C HARLES Clement Hodges certainly stamped his mark on Hexham and, boy, did he try to ensure nobody forgot it!

For he left behind him a gargantuan tome – Ecclesia Hagustaldensis: the Abbey of St Andrew, Hexham – that would fit on few shelves today.

While the architect had 400 smaller copies printed, which are in themselves ‘big’ by any standard, he had another 10 printed that completely burst the bounds.

Retired librarian and now specialist book dealer Mark Benjamin was delighted when he happened across the second of that 10 volume run –- not least because it is a once in a career find.

“This is the first time I have ever come across one of these books in my whole career in Northumberland, since I came here in 1980,” he said.

“This one isn’t in a terrifically good condition, but that said, there are no other copies available for sale.”

The private seller who approached him probably wanted to free up some space, laughed Mark. “And so do I!”

The huge, leather-bound volume contains the preparatory drawings Hodges made as the long-held plans to rebuild Hexham Abbey’s ruined nave finally seemed to be gaining ground.

As Hexham Local History Society records in its wonderful book, Hexham Lives , in 1899 Hodges and partner-in-arms Temple Moore issued a report on the repair, extension and refurbishment of the, by then, sadly decaying Hexham Abbey.

They were duly appointed to design the new nave and burnish the interior in general.

Hodges actually published Ecclesia Hagustaldensis in 1888 and it was to be another 12 years before the work began on the ground, so was it an early pitch for the contract?

“Possibly,” said Mark. “But it took until Canon Sidney Savage came along, with the drive to get the nave built, before things started to happen.”

Savage, who went on to become the most renowned and distinguished of Hexham rectors, arrived in 1898.

Together, he and Hodges were a dream team bound by a passion for the town and the church they served.

With the plans in place, the public fund-raising campaign was launched and seven years later, hey presto!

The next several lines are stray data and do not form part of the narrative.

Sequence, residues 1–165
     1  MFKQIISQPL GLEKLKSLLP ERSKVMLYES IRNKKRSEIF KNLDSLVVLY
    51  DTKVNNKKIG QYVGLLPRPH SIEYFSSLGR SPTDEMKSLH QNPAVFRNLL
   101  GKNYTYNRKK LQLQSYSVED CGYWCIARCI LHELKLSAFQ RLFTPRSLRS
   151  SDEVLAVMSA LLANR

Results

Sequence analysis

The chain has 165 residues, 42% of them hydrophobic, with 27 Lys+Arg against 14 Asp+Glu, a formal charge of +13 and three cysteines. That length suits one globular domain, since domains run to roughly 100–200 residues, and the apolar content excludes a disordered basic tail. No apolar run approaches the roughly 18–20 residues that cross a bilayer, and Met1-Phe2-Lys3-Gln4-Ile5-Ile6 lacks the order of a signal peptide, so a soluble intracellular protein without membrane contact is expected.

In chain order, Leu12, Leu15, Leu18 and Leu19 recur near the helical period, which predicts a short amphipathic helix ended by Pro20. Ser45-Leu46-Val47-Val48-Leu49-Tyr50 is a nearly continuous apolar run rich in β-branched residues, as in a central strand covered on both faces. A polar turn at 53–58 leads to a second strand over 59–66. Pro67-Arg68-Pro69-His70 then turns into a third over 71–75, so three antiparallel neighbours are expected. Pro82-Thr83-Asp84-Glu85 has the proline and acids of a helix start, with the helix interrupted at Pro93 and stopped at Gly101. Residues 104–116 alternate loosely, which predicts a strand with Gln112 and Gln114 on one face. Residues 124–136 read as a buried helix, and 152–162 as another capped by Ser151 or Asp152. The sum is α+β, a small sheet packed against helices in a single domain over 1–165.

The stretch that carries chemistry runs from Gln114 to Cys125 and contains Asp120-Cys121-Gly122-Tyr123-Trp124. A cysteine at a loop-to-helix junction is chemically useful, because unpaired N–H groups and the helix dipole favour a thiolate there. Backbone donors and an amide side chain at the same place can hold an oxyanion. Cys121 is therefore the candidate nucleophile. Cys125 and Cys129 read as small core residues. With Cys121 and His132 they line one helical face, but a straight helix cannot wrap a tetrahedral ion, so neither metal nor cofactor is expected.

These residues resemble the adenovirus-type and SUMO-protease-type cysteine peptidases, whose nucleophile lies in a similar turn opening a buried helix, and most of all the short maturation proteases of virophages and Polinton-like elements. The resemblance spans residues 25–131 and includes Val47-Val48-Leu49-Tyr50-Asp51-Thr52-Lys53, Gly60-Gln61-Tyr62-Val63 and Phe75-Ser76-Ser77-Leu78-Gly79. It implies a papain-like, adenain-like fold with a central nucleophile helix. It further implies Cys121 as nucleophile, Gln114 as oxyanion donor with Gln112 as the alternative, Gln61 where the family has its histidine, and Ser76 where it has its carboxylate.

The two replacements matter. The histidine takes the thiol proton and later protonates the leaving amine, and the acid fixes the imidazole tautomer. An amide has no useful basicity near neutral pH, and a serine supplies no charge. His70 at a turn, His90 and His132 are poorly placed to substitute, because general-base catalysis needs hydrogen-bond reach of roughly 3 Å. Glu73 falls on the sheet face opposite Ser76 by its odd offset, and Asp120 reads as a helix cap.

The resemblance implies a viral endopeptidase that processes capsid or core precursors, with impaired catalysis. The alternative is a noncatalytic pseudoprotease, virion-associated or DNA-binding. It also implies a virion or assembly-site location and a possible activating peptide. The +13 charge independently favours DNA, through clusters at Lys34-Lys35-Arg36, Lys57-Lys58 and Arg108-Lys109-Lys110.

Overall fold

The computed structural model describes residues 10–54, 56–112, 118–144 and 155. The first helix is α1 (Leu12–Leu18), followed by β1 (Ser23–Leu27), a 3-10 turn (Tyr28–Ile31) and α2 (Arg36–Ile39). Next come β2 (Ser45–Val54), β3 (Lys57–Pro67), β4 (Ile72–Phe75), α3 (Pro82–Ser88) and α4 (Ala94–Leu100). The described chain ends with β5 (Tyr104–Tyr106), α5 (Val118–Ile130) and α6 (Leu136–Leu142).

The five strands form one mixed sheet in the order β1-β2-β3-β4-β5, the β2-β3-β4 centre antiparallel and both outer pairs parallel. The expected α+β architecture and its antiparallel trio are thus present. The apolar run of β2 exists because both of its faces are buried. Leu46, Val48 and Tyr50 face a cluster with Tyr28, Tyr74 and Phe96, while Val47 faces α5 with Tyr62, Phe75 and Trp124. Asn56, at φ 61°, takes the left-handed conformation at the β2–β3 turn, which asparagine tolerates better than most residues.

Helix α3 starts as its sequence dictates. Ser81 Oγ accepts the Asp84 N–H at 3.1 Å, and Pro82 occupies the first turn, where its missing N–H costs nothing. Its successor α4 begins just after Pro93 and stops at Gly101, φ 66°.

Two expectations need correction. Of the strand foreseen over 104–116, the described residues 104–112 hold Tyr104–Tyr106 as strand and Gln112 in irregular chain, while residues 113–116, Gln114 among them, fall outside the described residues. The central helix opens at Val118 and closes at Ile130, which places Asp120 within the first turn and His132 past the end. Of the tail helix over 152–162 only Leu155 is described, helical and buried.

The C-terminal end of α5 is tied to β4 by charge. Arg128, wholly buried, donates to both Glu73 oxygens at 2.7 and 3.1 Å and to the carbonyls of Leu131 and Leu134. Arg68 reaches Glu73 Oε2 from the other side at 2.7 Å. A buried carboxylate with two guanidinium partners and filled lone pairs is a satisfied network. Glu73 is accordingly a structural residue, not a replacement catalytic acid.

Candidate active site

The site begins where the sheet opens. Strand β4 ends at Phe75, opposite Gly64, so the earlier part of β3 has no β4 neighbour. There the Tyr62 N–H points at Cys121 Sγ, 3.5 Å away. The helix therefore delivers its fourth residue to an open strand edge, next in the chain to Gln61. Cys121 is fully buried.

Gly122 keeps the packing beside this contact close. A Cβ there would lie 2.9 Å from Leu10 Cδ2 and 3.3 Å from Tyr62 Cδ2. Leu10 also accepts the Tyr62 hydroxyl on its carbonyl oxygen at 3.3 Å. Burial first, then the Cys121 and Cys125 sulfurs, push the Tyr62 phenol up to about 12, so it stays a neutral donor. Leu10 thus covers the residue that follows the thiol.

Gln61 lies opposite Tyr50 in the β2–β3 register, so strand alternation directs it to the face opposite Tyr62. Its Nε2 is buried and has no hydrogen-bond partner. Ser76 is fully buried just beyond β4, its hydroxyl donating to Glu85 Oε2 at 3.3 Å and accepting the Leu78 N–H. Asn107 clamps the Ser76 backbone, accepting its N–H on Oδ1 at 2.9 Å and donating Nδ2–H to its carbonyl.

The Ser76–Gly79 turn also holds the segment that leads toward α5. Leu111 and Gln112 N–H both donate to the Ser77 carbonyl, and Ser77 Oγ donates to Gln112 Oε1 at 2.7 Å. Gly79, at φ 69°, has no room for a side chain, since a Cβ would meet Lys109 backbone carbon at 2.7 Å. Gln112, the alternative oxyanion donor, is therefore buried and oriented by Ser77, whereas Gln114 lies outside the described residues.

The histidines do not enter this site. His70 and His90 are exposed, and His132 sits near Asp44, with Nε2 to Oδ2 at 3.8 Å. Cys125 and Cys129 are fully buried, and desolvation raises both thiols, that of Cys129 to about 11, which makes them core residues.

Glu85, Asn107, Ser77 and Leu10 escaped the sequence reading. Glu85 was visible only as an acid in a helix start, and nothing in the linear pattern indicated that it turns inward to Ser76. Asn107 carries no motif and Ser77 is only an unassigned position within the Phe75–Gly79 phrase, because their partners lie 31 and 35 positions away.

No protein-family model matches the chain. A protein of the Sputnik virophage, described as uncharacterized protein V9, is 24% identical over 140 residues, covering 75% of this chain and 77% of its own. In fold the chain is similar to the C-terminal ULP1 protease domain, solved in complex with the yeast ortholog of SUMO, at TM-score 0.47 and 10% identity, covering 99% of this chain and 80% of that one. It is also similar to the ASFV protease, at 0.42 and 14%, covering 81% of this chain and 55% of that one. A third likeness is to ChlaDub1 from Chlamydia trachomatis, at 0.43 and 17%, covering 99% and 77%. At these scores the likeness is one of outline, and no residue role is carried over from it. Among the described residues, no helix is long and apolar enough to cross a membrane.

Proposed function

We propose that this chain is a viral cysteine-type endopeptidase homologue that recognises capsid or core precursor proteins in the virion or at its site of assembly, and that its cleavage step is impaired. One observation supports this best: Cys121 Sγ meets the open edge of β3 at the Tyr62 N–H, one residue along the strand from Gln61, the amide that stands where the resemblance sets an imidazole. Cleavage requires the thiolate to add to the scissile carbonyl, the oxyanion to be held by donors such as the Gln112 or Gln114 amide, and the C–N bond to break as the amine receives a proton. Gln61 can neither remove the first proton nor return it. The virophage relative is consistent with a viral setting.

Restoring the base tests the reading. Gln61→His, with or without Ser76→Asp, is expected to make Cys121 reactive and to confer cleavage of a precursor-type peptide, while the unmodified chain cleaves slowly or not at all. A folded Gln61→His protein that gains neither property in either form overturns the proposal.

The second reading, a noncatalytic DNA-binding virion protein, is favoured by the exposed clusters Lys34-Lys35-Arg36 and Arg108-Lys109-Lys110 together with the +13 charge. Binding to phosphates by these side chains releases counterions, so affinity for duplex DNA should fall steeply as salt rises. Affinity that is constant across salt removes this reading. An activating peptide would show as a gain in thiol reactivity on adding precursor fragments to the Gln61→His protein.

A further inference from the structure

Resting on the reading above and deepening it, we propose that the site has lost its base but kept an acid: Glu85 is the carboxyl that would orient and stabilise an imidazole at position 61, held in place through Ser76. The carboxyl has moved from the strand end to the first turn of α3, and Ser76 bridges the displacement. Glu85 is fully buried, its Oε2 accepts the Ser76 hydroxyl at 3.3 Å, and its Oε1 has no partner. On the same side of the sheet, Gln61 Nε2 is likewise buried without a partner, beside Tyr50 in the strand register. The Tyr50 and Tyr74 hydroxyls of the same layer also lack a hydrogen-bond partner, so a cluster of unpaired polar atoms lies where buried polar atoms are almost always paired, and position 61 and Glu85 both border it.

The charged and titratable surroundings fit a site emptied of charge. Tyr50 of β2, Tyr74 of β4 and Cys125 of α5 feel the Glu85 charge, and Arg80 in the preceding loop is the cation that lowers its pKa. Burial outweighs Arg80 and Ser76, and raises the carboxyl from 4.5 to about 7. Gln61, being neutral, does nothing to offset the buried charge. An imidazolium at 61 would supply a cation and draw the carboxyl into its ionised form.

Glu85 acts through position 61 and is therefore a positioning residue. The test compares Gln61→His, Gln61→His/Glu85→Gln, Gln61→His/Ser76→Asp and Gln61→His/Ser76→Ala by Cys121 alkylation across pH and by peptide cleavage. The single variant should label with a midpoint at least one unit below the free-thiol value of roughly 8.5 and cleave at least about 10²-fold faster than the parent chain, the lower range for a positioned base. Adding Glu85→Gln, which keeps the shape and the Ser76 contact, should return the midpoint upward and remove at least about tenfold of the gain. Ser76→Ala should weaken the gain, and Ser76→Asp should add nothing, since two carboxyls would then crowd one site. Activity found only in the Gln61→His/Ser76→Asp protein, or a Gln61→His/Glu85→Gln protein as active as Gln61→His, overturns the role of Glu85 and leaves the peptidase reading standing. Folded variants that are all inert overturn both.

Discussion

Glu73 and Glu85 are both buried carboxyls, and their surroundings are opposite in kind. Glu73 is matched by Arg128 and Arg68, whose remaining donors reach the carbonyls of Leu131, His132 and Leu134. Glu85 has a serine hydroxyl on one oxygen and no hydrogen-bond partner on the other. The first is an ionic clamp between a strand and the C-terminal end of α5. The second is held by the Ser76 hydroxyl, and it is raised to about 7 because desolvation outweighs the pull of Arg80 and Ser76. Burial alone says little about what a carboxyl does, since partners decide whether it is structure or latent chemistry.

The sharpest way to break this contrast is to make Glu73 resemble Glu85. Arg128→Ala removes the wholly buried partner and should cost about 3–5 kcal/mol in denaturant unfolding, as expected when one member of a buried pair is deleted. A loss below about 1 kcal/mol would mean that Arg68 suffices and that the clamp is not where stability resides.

The beauty of the book is that it provides a rare record of the plans, and the names of the worthies of the day who sponsored them.

All the usual suspects are there, of course – the Beaumonts, Charltons and Strakers among them – as well as a liberal sprinkling of ‘reverends’ (the second sons of wealthy families often became vicars).

Antiquarian Cadwallader Bates, who bought Langley Castle as a ruin in 1882 and restored it, is on the list, as are industrialist Ralph Carr Ellison and one Miss Allgood, who at the time inhabited the rambling Hermitage mansion on the banks of the River Tyne at Hexham.

But Mark thinks the 10 extra-large volumes might well have been printed for the wealthiest and most generous of Hodges’ patrons.

“They were the same as the smaller book, as far as I can tell,” he said. “They were printed off the same plates, but just with thicker, better quality paper and with bigger margins and more ornate binding.”

The Dukes of Devonshire and Northumberland, the Marquis of Ripon, the Earl of Durham and the Lord Bishop of Durham are up there at the very top of the list of recipients.

Some of the smaller volumes, which are still A3 in size, appear to have been sent to the cathedral libraries at Durham, Ely, Lincoln, Norwich, Ripon and York, as well as the library of the Literary and Philosophical Society in Newcastle.

As Hexham Lives tells us, Hodges was passionate about Hexham Abbey and throughout his life (1852-1932) he drew its stonework and furnishings in meticulous detail.

The son of a Yorkshire parson, he had begun his working life in the drawing office of the Consett Ironworks, but moved to Hexham in 1876 to both set up his own architectural practice and become the Abbey’s architect.

His subsequent discovery of the bicycle enlarged his acquaintanceship with churches and monuments throughout the district, apparently.

He also worked closely on antiquarian and archaeological projects with the Gibson family, and it was with John Gibson that he produced his next book, a full 30 years later, about his beloved church. Hexham and Its Abbey was published in 1919.

The final comment on his earlier tome should go to Hexham Local History Society, which recorded that, ‘His awesome imperial folio monograph of 1888, Ecclesia Hagustaldensis: the Abbey of St Andrew, Hexham (privately printed, Edinburgh) was called at the time ‘the grandest and most exhaustive illustration of an ecclesiastical establishment which has been published in England’. Then and now, they weren’t wrong!

Mark can be contacted via email bennorbooks@gmail.com or his website www.abbooks.co.uk